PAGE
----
I started this blog as a way to vent about the things in my life that bothered me. Usually it’s been different aspects of religion invading my life that made me so upset. Since those days, I’ve managed to separate myself from religion, and so I haven’t blogged many rants for a while. Well, today’s post is in a nostalgic spirit as another rant rears its ugly head just in time for Mercury to enter retrograde tomorrow, February 17th.
I started my first full-time job as a graphic designer almost one year ago. Usually, I really enjoy what I do. And usually, I even like my coworkers, and I barely ever like anyone. But never in my life, before starting this job, had I ever heard anyone voice legitimate concerns that mercury was in retrograde. After leaving Grove City College, I thought I was leaving anti-scientific nonsense behind me. But I was wrong.
It is a far too frequent occurrence that I’ll sit at my desk as I fret over which font to use on a banner and hear, “Why is everything going wrong!? Is Mercury in retrograde?” followed by “It is! Oh my god, I hope it ends soon!” or “It’s not even in retrograde! So why is everything so terrible!?” (And don’t worry. I’ve learned the hard way not to write anything online about people that you wouldn’t be okay with them eventually finding and reading. So I’ll say right here that I hope they read this one day. Hey coworkers, Mercury is just a planet. Its orbit doesn’t affect your life at all. Please, I beg you, and I mean this kindly: shut up about it!)
There lies the end of my rant, but I think that after dismissing the astrological beliefs behind Mercury in retrograde, my readers, and especially my coworkers, deserve to know what it actually is and what it actually means. You don’t want to be like this person:
Barring the part about Gatorade, the first thing that we’ve been getting wrong is that Mercury isn’t in retrograde at all: it is retrograde. So if you are into astrology, you still shouldn’t be asking if it is in retrograde; you should be asking if Mercury is retrograde. As a matter of fact, every planet retrogrades sometimes. Neptune will typically retrograde from June all the way until November. It seems that the reason why Mercury retrograde is the only one that non-astronomers and non-astrologers have heard of is because being closest to the Sun, Mercury moves fastest through its orbit. It retrogrades most often, three to four times a year for about three weeks each time.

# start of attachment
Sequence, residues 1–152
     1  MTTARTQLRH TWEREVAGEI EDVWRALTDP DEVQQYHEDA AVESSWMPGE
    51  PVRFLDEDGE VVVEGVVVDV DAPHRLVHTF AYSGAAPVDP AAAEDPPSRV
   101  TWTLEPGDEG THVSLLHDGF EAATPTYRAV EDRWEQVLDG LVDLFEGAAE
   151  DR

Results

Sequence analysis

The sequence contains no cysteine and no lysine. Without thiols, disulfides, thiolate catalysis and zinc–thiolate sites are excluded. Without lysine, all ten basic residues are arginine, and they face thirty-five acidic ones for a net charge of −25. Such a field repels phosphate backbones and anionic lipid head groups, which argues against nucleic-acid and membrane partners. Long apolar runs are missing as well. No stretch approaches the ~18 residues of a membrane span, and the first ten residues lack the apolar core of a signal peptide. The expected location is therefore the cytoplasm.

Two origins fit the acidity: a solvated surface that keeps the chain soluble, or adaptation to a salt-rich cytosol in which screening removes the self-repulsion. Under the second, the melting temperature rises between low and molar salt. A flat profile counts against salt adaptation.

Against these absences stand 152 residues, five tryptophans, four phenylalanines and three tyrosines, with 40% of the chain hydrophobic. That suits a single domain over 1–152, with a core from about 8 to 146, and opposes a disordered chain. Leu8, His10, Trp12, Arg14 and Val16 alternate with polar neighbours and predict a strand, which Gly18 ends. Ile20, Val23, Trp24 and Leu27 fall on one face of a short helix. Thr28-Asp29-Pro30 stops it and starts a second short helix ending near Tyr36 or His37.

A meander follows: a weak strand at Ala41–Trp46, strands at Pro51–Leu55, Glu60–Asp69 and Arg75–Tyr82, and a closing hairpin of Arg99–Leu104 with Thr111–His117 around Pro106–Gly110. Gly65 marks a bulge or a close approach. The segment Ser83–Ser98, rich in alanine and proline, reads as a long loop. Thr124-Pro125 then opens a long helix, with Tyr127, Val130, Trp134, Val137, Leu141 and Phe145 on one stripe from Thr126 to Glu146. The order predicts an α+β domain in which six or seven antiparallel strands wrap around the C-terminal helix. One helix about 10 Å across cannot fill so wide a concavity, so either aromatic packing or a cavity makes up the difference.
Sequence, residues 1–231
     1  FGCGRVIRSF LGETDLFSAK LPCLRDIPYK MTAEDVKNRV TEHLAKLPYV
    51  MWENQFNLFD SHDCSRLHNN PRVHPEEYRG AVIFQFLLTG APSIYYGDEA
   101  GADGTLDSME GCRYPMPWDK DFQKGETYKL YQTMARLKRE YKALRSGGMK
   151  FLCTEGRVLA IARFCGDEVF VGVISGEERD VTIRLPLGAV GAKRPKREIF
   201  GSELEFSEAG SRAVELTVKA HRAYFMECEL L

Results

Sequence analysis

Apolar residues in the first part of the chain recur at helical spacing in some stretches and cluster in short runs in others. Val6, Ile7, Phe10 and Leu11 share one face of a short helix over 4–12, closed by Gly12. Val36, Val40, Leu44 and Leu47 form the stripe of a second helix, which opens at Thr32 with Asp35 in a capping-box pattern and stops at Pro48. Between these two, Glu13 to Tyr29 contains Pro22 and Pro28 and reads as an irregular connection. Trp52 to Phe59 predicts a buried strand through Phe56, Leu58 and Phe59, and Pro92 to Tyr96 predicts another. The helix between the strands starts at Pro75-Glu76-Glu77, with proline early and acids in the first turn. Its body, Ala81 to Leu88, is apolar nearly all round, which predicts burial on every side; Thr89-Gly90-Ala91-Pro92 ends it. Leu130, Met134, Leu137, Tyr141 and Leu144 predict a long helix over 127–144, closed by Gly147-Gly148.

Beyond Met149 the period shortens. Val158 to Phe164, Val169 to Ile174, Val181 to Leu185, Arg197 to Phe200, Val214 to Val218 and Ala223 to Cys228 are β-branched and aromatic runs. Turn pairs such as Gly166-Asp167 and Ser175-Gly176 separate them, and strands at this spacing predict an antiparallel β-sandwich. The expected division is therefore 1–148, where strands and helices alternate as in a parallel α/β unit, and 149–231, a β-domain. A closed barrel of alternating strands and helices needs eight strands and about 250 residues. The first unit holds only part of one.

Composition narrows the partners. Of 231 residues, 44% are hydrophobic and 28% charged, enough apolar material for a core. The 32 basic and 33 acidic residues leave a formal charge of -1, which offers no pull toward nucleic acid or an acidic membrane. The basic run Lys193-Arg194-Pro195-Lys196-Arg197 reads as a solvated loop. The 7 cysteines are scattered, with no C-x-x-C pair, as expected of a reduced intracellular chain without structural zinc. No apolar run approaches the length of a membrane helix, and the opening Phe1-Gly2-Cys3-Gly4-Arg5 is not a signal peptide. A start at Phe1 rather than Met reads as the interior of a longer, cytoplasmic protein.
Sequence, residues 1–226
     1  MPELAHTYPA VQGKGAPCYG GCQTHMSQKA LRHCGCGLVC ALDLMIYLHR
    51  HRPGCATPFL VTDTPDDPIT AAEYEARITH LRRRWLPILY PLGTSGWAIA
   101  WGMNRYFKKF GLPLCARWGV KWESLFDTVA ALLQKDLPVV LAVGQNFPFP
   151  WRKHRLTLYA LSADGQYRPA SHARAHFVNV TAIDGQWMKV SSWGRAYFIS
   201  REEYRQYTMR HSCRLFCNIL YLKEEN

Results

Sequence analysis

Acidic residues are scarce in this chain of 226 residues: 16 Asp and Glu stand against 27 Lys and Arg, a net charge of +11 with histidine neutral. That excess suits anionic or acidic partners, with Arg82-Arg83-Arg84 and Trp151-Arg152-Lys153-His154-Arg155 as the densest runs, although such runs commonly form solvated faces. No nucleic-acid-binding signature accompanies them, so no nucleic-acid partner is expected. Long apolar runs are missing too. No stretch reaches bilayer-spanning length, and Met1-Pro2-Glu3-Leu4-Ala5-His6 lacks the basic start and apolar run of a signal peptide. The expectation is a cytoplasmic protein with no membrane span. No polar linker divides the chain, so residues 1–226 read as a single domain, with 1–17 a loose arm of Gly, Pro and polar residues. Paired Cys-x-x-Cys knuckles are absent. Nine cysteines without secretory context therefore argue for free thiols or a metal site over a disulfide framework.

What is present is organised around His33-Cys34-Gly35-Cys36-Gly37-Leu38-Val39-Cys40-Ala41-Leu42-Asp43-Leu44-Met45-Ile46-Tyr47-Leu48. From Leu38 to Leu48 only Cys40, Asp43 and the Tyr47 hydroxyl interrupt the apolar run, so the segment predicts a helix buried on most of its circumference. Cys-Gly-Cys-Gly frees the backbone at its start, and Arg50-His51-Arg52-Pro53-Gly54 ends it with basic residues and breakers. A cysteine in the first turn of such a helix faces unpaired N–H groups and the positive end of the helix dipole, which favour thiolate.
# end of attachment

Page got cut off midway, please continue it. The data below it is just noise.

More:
Retrograde isn’t a place or a state of being, it’s an adjective and a verb. It describes any planet that appears to be moving backward from its usual direction across the night sky. So starting tomorrow, and ending on March 9th, if you had some way of knowing where the planet Mercury is (which is very difficult) in relation to the Earth and the Sun, it would look like it stops, moves backward, stops again, and continues moving in the right direction. This video does an absolutely fantastic job of explaining it in more, clear, detail, although what I said is the very basic idea of what happens.
No matter what you may have heard from other YouTubers, Mercury does not stop moving. It doesn’t even actually move backward. Retrograde motion is all an optical illusion, albeit a really cool one! The planets are always moving in their orbits in the same uniform direction, but they all move at different speeds. Apparent retrograde motion is what you see when Mercury laps around the Earth as if we were racing around a track.
So if you were stressed because tomorrow is the beginning of a time when communication breaks down, technology stops working, and you’re in constant terror of stepping in dog poop, take a deep breath. You could look at the meaninglessness of Mercury retrograde as a bad thing, sure: you have had and will continue to have problems all year round, and not just for the next three weeks. But on the good side, there’s no reason to believe that it will be any worse, unless you project your fear onto the way you live. It’s all in your head, so keep your chin up, and go onward!